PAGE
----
Parma man gets 10 tickets for speeding in Brooklyn but he’s never been to Brooklyn


PARMA, N.Y — From the backyard of his house in Parma, Jan Stein read off the speeding violations he’s received from New York City.

“This is on May 7 for $50,” Stein said. “May 9 for $50. May 17 for $50. May 19 $50.”

Those are just some of the tickets Stein’s received for speeding in Brooklyn even though he’s never been there. News10NBC is working with the New York City Transportation Department and trying to get these bogus tickets cancelled.

Part of the problem is the person who gets the ticket is considered guilty until they prove themselves innocent.

Berkeley Brean, News10NBC: “How much do you think you’re on the hook for?”
Jan Stein: “I’m thinking probably about $900.”

The New York City tickets accuse him of speeding through school zones in Brooklyn. The city says the white and green Florida license plate on the motorcycle captured on the city’s camera and included on the violations is Stein’s license plate on his motorcycle in Florida.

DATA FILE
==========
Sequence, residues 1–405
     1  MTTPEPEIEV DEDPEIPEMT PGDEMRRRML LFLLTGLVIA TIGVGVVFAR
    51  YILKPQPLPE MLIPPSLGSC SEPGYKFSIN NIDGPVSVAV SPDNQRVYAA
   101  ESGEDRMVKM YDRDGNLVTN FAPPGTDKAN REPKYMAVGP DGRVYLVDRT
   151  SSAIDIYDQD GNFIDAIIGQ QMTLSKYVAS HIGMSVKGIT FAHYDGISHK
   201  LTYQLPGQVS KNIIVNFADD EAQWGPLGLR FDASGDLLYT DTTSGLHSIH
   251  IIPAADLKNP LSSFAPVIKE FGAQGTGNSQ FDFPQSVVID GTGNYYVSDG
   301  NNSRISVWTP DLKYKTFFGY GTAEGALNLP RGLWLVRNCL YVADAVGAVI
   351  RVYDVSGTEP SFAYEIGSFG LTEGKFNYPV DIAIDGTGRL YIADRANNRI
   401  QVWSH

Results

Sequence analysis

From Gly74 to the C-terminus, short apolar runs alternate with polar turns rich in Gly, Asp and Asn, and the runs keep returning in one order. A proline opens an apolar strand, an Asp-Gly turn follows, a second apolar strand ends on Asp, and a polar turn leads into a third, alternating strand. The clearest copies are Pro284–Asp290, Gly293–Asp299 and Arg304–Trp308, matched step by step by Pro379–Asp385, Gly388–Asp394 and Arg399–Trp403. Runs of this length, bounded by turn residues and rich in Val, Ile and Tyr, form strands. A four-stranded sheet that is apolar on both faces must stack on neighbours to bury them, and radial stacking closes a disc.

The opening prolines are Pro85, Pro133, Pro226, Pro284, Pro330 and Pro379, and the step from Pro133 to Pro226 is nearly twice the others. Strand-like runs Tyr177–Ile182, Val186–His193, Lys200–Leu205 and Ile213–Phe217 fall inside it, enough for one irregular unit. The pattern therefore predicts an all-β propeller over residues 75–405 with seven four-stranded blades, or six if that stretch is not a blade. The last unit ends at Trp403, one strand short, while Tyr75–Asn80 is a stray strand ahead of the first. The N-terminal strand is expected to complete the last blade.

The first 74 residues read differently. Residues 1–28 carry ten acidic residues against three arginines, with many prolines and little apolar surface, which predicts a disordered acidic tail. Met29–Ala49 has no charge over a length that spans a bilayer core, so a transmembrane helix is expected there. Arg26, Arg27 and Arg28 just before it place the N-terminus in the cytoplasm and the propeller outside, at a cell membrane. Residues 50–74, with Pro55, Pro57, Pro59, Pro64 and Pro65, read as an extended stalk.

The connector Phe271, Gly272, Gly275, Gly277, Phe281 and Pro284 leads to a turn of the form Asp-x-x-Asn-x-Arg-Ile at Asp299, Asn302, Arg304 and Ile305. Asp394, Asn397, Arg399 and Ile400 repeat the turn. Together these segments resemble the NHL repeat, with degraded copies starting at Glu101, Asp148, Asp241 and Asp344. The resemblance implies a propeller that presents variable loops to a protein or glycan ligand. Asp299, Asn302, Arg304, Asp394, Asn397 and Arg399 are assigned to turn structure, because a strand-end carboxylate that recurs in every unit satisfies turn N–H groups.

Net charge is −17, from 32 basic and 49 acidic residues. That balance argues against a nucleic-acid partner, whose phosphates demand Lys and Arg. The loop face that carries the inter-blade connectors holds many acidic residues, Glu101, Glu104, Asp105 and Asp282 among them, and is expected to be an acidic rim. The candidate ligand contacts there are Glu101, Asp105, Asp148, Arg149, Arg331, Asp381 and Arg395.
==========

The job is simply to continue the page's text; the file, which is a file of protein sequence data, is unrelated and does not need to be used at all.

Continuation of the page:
Brean: “You’ve been to Brooklyn how many times?”
Stein: “Never. Never been to Brooklyn and my motorcycle has never been to Brooklyn. And now I’m getting violations that they’re doubling the fees from $50 to $75 to $150 because I haven’t paid. And they don’t respond to my letters.”
Brean: “And that leaves you where?”
Stein: “Leaves me to give you a call to see if you can help me out.”

This happens several times a year.

Someone in Monroe County and the Finger Lakes region gets New York city tickets even though they’ve never been there and they have to call us to fix it.

The violations are sent by the New York City finance department but it’s the city’s transportation department that charges people. The city DOT told News10NBC they “will review and if this was a forgery or stolen plates we will dismiss the tickets.”

Berkeley Brean sent evidence to the NYCDOT on behalf of Stein, including one violation dated May 17 and Stein’s airline ticket that shows he was flying to Nashville on May 17.

But now, Stein is starting to get default notices.

“That’s my biggest fear,” he said. “That New York can come in and say ‘You owe this much money. We’re not going to do anything for you until you pay these fines.’”

If this happens to you, make sure you file your complaint with the New York City Transportation Department not Finance Department.

News10NBC will update this story if and when they dismiss the tickets.

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